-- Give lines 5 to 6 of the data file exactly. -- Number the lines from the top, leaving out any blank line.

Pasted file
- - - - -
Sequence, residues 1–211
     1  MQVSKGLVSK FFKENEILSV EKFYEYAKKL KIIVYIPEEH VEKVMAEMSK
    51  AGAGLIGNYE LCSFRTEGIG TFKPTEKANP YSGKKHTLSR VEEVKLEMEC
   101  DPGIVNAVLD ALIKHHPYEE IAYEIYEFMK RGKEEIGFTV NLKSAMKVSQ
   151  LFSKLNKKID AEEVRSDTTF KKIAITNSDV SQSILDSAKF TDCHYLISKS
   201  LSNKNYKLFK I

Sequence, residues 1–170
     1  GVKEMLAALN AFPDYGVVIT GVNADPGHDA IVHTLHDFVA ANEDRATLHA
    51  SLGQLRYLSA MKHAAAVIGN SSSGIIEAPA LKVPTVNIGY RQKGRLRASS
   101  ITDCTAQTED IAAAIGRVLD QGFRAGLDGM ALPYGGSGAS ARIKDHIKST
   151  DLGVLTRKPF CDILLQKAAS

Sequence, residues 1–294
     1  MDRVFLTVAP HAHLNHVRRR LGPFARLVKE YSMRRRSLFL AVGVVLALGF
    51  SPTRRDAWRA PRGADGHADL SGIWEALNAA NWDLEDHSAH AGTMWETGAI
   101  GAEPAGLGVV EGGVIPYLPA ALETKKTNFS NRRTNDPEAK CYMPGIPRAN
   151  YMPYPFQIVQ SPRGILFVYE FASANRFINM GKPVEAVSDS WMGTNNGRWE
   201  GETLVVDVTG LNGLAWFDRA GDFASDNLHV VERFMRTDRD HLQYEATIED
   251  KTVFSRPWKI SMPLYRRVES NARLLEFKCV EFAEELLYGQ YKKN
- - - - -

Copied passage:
   151  LFSKLNKKID AEEVRSDTTF KKIAITNSDV SQSILDSAKF TDCHYLISKS
   201  LSNKNYKLFK I